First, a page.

Just before receiving his university degree, Pier Giorgio contracted poliomyelitis, which doctors later speculated he caught from the sick whom he tended. Neglecting his own health because his grandmother was dying, after six days of terrible suffering Pier Giorgio died at the age of 24 on July 4, 1925.
His last preoccupation was for the poor. On the eve of his death, with a paralyzed hand he scribbled a message to a friend, asking him to take the medicine needed for injections to be given to Converso, a poor sick man he had been visiting.
Pier Giorgio’s funeral was a triumph. The streets of the city were lined with a multitude of mourners who were unknown to his family -- the poor and the needy whom he had served so unselfishly for seven years.Many of these people, in turn, were surprised to learn that the saintly young man they knew had actually been the heir of the influential Frassati family.
Pope John Paul II, after visiting his original tomb in the family plot in Pollone, said in 1989: “I wanted to pay homage to a young man who was able to witness to Christ with singular effectiveness in this century of ours. When I was a young man, I, too, felt the beneficial influence of his example and, as a student, I was impressed by the force of his testimony."
On May 20, 1990, in St. Peter’s Square which was filled with thousands of people, the Pope beatified Pier Giorgio Frassati, calling him the “Man of the Eight Beatitudes.”
His mortal remains, found completely intact and incorrupt upon their exhumation on March 31, 1981, were transferred from the family tomb in Pollone to the cathedral in Turin. Many pilgrims, especially students and the young, come to the tomb of Blessed Frassati to seek favors and the courage to follow his example.
Text from Frassatiusa

Pope Francis' July Prayer intention for Priests and their Pastoral Ministry "Let us pray together that priests, who experience fatigue and loneliness in their pastoral work, may find help and comfort in their intimacy with the Lord...."

Evangelization prayer intention: Priests and their Pastoral Ministry "Let us pray together that priests, who experience fatigue and loneliness in their pastoral work, may find help and comfort in their intimacy with the Lord and in their friendship with their brother priests."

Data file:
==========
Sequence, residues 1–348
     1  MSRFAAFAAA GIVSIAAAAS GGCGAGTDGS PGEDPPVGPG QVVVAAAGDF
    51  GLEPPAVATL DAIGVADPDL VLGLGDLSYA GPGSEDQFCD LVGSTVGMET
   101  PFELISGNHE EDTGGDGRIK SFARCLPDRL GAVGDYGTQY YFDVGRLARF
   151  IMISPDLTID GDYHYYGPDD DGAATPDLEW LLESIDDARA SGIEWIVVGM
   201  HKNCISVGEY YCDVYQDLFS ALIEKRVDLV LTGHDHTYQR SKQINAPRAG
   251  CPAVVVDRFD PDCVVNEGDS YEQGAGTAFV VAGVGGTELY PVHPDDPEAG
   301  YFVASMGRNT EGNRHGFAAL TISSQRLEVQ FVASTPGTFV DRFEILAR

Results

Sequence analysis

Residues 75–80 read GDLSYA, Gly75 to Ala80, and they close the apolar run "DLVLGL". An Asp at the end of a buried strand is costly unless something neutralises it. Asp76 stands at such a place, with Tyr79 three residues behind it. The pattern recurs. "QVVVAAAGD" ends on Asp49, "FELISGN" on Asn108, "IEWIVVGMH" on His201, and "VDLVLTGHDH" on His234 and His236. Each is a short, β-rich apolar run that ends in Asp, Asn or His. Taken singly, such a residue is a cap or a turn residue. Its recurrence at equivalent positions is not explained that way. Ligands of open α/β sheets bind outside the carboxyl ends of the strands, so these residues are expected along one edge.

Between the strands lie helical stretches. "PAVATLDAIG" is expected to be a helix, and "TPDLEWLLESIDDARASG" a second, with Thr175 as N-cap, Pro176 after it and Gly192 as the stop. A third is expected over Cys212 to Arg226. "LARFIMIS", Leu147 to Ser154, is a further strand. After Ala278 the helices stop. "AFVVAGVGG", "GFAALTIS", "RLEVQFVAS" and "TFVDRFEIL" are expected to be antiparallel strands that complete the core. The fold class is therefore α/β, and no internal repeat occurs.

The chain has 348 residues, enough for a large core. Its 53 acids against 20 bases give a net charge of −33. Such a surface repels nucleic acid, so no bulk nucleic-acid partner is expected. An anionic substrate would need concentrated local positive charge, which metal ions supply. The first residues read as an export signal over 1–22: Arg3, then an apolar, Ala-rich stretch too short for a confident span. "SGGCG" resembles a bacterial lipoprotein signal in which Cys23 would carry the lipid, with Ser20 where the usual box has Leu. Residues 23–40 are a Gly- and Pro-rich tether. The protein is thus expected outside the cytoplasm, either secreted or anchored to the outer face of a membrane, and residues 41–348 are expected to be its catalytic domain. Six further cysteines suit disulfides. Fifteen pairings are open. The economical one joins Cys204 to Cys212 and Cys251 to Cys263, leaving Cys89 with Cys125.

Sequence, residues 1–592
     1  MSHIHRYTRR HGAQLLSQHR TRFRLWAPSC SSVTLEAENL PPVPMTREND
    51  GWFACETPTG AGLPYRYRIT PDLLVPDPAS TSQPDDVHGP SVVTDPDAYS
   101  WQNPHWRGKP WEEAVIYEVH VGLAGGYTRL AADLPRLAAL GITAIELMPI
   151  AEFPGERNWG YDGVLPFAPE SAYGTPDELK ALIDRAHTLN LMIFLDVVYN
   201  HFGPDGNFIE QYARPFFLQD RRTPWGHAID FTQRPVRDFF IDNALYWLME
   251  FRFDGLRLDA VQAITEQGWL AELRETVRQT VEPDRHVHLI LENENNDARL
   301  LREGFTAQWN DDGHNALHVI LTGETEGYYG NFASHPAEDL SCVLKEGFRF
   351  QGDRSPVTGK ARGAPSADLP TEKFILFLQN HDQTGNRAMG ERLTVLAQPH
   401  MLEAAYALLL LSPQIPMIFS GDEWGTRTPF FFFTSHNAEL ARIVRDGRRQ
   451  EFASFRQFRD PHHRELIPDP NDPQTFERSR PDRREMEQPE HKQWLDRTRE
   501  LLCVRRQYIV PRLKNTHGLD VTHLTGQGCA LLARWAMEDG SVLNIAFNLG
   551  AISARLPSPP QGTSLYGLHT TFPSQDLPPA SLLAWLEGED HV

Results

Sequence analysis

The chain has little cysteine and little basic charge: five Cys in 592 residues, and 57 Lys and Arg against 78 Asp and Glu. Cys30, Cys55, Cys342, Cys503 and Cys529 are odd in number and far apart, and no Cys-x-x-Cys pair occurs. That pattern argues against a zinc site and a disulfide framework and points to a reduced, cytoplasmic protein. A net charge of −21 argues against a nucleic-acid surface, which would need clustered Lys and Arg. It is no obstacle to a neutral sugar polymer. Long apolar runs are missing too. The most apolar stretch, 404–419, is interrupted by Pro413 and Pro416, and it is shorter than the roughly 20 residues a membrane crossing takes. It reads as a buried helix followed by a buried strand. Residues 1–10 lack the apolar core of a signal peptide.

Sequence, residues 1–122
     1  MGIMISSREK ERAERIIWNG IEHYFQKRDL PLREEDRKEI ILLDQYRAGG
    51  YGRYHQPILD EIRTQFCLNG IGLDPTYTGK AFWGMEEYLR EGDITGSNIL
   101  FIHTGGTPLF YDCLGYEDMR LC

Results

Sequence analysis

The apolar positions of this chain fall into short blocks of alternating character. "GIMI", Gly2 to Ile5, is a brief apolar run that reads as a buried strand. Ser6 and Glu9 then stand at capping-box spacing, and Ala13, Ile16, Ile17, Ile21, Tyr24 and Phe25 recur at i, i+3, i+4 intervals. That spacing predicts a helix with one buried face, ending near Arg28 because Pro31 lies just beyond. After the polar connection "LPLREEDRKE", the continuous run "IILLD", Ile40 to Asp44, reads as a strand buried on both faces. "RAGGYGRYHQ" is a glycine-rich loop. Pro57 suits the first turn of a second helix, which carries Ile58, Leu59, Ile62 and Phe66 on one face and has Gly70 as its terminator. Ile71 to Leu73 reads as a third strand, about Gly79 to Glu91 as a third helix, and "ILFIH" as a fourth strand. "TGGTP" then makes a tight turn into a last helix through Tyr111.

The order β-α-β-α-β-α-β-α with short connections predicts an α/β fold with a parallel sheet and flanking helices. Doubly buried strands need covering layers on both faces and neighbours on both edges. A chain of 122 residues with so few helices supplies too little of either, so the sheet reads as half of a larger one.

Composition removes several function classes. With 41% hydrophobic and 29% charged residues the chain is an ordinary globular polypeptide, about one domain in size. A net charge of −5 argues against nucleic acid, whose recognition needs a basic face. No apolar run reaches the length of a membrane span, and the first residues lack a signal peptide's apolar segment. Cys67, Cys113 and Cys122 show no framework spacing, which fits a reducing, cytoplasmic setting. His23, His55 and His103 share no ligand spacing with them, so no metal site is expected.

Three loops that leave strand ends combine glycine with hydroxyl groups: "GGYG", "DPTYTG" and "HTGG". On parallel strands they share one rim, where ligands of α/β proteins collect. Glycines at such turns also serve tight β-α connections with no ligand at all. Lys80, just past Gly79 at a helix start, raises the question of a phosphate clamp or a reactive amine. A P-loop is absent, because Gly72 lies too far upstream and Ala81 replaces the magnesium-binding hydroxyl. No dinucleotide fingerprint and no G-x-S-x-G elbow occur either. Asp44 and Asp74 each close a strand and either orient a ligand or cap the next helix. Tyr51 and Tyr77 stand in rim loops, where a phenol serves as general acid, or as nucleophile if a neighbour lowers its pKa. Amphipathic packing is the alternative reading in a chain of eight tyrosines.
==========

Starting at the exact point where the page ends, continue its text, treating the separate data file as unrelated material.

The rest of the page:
Amazing History of Catholics in India which Began in 52 AD with the Arrival of St. Thomas the Apostle

Catholic Christianity reached India in AD 52 when Thomas the Apostle reached the Malabar Coast. These Saint Thomas Christians are known as Nasrani, which is a Syriac term meaning Follower of the Nazarene Jesus. St.Thomas, one of the 12 Apostles, who traveled after the Pentecostal experience, to the farthest country then known to proclaim the Good News. In some of their traditional liturgies they still retain Syriac, which is a dialect of Aramaic, the language that Jesus spoke. 
St. Thomas set sail to India and landed in Kodungalloor, Kerala in 52 A.D. He preached in different kingdoms all around the Subcontinent and established seven and a half Ecclesial Communities in Malabar, today called Kerala. After 20 years of His mission work, He was martyred at Little Mount near Mylapore, by a fanatic Hindu priest on July 3rd in AD 72. The whole world celebrates the Martyrdom of St.Thomas on July 3rd and it is a day of obligation for the Syro Malabarians.
The Church of the St. Thomas Christians had little contact with the Roman or the other Churches within the Empire. At the same time it maintained communion with the Church of Rome through the Church in the Persian Empire, which later came to be known as the East Syrian or Chaldean or Babylonian Church. It is believed that Christianity in Persian Empire was introduced by the disciples of St. Thomas. 
The arrival of another Thomas (Kynai Thomman) and several Persian families from Cana in 345 AD founded a settlement of Christians in Kottayam, at the behest of the Catholicos of the Assyrian Church of the East. Then the church began to be ruled by East Syrian (Chaldean) bishops. The descendants of this group are called Knananites or Southists. The Indian church however, did not join the East-Syrian Church or priests from India were not made bishops. For some unknown reasons at least from the 8th century until the end of the 16th century the Bishops of the Syro-Malabar Church were sent from the East Syrian Church, appointed by the Patriarch of the East Syrian Church.